To evaluate the performance of the calibration, four different statistical parameters were evaluated, namely, bias B, root-mean-square error (RMSE), Pierson’s correlation coefficient ρ, and scatter index (SI). These parameters were evaluated using the following relationships where M and O stand for model and observation (Ribal and Young 2019; Zieger et al. 2015), respectively, and N is the number of matchup points:
B=1Ni=1N(MiOi),
RMSE=1Ni=1N(MiOi)2,
SI=1Ni=1N(MiOiB)21Ni=1NOi,
ρ=cov(M,O)cov(M)cov(O).

The matchup data across all the NDBC buoys were pooled for each of the seven scatterometers and the linear RMA regression undertaken. Figure 4 shows example results for four cases (ERS-1, MetOp-A, QuikSCAT, and OceanSat-2).

Fig. 4.
Fig. 4.

Calibration of scatterometer wind speed against NODC buoy data. Shown are the 1:1 agreement (dashed diagonal line) and the RMA regression (thick solid line). Contours show the density of matchup data points, which has been normalized such that the maximum value is 1.0. Contours are drawn at 0.9, 0.7, 0.5, 0.4, 0.3, 0.2, 0.1, and 0.05. Dots represent outliers excluded from the RMA regression.

Citation: Journal of Atmospheric and Oceanic Technology 37, 2; 10.1175/JTECH-D-19-0119.1

It is clear that the scatterometer values of U10 agree well with the buoy data, with only small deviations for the 1:1 correlation line. Young et al. (2017) have previously investigated the calibration of QuikSCAT and the result shown in Fig. 4c is almost identical to this previous calibration (see Fig. 6b of Young et al. 2017). This occurs despite the fact that the source of the data and presumably the processing is different [PO.DAAC here vs Remote Sensing Systems for Young et al. (2017)].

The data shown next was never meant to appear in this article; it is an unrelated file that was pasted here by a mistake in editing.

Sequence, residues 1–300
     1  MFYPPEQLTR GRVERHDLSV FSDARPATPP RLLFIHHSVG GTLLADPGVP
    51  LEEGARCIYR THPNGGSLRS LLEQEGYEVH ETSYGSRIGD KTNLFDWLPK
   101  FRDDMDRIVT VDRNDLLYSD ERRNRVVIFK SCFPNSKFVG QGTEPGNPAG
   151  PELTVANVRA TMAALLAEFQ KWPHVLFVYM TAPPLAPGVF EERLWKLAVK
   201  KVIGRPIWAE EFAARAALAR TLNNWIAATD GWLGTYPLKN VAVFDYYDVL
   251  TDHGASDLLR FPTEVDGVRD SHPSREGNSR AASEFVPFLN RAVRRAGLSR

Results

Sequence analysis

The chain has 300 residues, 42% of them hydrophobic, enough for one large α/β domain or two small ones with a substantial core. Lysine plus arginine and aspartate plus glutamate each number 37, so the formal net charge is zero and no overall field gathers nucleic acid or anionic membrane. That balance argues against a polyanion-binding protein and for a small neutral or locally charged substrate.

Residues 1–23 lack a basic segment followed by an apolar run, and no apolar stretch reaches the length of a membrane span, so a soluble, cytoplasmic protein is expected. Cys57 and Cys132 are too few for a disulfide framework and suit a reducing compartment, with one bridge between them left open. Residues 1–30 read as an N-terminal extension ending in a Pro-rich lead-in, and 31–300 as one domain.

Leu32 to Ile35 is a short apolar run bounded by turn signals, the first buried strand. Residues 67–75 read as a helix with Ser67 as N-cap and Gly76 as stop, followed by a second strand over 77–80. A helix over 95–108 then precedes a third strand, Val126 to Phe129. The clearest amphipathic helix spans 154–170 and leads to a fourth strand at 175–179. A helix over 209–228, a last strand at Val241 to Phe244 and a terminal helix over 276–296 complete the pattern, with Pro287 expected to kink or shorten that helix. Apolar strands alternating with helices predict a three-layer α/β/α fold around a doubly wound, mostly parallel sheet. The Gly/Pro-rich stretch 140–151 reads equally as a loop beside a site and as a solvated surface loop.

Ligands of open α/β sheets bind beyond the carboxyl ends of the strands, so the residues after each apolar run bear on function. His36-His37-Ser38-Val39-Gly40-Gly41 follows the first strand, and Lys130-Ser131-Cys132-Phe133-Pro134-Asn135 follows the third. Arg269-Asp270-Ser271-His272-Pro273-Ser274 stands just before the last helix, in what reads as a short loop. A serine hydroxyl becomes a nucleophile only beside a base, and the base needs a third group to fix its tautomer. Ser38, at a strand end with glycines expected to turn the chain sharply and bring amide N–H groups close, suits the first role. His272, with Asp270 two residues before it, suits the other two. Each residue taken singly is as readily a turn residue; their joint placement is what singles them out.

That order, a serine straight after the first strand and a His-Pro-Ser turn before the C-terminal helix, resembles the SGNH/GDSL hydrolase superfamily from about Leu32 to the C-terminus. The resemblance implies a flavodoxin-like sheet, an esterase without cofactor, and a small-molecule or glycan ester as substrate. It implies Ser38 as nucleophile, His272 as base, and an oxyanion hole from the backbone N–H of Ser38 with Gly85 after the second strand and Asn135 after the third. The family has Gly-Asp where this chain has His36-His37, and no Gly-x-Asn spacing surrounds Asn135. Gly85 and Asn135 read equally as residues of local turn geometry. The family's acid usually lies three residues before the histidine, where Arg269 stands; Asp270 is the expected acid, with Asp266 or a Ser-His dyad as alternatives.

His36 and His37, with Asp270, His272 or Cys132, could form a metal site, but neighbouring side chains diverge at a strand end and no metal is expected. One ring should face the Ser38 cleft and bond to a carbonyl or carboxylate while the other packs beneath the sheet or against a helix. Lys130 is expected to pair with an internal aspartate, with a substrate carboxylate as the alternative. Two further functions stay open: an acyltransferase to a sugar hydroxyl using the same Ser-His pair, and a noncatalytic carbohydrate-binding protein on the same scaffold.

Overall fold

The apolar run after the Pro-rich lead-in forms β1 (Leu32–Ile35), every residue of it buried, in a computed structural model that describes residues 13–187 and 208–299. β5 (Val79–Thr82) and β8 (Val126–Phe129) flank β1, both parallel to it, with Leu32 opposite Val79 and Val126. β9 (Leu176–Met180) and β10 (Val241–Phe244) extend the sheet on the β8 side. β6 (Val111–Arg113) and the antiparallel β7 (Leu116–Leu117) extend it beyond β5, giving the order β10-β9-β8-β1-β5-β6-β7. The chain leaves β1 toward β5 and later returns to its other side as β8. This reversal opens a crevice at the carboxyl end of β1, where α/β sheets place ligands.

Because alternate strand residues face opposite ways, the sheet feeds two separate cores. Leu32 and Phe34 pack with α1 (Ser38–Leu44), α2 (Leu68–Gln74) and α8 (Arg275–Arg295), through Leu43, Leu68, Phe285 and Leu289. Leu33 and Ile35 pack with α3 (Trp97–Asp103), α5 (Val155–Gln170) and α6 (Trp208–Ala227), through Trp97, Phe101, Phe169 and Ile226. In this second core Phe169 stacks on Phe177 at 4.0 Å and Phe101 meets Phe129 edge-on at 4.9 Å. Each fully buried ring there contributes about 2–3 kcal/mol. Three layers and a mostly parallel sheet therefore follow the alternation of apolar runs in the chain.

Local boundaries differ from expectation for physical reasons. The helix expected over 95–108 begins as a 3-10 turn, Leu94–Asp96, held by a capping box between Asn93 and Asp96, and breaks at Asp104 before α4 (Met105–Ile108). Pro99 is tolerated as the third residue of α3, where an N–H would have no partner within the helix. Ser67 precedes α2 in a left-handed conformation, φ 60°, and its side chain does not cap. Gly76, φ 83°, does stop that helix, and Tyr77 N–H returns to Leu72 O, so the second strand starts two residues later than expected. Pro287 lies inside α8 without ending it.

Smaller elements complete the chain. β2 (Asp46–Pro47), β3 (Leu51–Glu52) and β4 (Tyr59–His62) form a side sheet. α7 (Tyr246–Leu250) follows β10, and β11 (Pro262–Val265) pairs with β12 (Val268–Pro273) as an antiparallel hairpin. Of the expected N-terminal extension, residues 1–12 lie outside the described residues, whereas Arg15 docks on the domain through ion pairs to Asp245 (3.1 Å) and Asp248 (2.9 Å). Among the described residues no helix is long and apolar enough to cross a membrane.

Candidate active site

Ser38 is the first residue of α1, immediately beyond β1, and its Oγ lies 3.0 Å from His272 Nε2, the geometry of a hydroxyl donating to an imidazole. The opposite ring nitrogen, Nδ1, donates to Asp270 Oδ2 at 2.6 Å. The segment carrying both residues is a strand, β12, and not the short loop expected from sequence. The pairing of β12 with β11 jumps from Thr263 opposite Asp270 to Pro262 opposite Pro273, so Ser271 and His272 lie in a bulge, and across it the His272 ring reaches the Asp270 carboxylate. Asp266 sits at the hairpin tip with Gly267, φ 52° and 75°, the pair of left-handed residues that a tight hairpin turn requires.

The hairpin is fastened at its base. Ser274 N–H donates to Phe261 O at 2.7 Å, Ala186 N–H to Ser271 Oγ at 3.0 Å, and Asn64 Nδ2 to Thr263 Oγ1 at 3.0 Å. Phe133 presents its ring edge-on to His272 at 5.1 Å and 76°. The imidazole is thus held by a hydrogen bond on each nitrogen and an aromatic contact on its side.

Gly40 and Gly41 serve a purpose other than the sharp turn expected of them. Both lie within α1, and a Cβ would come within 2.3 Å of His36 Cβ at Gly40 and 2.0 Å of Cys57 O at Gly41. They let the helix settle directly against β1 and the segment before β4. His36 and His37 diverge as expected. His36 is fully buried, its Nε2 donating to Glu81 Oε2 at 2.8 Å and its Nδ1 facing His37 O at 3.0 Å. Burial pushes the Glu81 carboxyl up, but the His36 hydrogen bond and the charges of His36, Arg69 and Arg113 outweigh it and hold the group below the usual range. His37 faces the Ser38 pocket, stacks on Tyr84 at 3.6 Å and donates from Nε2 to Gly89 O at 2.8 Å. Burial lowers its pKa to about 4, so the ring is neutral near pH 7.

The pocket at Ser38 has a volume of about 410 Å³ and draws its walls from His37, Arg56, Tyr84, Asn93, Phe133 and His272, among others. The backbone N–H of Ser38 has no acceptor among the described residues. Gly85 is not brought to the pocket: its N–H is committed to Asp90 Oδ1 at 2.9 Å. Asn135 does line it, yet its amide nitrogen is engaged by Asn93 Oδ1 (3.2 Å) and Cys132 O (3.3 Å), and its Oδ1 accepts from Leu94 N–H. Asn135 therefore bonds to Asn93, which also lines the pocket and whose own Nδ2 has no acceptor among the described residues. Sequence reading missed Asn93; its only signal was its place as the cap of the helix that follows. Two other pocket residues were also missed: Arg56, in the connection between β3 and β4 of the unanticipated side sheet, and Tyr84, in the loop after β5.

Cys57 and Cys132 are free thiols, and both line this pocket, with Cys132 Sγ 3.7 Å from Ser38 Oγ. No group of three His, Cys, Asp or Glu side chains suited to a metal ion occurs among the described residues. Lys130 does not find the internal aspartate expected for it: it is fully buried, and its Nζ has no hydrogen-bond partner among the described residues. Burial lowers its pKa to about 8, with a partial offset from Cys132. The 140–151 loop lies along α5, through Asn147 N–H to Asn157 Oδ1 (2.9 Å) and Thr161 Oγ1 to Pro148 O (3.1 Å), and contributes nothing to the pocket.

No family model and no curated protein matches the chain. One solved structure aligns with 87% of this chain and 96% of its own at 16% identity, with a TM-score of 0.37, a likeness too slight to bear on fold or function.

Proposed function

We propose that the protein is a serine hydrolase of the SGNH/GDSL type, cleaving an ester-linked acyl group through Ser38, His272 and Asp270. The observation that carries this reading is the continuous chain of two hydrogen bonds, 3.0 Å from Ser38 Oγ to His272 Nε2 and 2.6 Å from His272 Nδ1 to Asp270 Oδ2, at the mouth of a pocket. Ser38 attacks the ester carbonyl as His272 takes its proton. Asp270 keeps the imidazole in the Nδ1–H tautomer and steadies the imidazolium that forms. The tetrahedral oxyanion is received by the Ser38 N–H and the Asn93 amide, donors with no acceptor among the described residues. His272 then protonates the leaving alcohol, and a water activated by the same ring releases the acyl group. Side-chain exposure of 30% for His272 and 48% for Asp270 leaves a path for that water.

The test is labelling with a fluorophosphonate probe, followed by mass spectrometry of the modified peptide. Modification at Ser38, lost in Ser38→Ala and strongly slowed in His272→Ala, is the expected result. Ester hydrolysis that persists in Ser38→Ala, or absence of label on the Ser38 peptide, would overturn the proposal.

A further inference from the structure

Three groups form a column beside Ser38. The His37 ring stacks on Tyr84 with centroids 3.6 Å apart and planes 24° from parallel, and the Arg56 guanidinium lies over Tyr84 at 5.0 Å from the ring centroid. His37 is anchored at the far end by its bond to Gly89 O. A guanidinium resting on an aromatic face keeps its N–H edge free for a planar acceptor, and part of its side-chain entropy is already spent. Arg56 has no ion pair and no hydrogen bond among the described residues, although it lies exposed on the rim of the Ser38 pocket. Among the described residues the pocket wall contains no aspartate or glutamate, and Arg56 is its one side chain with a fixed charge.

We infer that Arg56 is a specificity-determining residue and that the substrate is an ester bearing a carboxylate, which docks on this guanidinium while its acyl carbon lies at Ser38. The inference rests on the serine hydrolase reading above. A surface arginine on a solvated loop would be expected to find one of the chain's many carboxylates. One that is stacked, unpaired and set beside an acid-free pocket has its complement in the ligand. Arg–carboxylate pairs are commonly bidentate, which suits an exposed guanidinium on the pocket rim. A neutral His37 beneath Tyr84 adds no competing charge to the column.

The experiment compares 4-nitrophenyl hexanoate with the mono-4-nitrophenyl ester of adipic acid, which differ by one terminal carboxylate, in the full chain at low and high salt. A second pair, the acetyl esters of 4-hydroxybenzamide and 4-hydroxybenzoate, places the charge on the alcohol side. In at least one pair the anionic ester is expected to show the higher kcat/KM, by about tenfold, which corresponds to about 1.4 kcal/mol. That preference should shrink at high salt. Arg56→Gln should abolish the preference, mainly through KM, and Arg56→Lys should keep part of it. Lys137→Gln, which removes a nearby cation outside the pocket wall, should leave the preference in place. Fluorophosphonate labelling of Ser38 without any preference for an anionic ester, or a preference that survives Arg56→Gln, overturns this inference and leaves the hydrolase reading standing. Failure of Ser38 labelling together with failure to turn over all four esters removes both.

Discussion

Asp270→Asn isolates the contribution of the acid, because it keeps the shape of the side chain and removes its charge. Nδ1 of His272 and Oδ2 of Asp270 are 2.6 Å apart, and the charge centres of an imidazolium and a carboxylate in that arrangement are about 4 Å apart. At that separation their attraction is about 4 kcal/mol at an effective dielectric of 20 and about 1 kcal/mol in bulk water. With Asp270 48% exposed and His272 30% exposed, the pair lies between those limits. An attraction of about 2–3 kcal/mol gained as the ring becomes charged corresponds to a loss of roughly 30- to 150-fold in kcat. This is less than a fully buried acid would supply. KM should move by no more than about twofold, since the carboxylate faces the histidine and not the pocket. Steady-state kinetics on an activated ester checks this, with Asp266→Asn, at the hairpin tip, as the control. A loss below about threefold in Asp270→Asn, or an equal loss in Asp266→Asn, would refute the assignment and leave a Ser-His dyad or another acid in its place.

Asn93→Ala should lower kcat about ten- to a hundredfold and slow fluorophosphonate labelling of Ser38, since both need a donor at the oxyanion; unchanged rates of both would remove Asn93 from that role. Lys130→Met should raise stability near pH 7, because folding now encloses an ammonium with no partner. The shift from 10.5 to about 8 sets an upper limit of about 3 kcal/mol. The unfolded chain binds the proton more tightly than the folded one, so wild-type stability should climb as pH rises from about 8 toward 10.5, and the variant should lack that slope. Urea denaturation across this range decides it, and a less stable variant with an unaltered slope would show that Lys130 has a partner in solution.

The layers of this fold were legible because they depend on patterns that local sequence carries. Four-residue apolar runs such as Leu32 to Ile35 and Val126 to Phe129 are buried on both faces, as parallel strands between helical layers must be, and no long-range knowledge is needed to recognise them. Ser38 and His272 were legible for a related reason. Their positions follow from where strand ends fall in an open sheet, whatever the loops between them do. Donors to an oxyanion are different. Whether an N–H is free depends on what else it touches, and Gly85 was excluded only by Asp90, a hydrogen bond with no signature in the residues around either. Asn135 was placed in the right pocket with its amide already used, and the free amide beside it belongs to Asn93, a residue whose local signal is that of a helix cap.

Although scatterplots such as those shown in Fig. 4 provide a good overall assessment of platform performance, they offer little insight into the performance at high wind speed, where is a relatively small amount of buoy data. In these cases, it is more insightful to examine quantile–quantile (Q–Q) plots between the buoy data and scatterometer data. Based on such an analysis, it was clear that three of the scatterometers overestimate high wind speed compared to buoys, namely, QuikSCAT, OceanSat-2 and RapidScat. Figure 5 shows Q–Q results for QuikSCAT and RapidScat. Interestingly, all three scatterometers operate in the Ku band.

Fig. 5.
Fig. 5.

Q–Q plots between the scatterometer and NODC buoy data for wind speed after the calibration was applied.

Citation: Journal of Atmospheric and Oceanic Technology 37, 2; 10.1175/JTECH-D-19-0119.1

Young et al. (2017) noted very similar high-wind-speed behavior for radiometers and Takbash et al. (2019) proposed the empirical correction:
U10*=U10[1a(U10b)0.79],